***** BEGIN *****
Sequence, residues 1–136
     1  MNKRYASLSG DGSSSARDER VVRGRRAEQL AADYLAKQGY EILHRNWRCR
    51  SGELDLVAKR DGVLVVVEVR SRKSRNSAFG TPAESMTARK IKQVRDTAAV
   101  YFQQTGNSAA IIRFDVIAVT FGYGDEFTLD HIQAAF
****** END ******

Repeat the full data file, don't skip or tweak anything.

Sequence, residues 1–136
     1  MNKRYASLSG DGSSSARDER VVRGRRAEQL AADYLAKQGY EILHRNWRCR
    51  SGELDLVAKR DGVLVVVEVR SRKSRNSAFG TPAESMTARK IKQVRDTAAV
   101  YFQQTGNSAA IIRFDVIAVT FGYGDEFTLD HIQAAF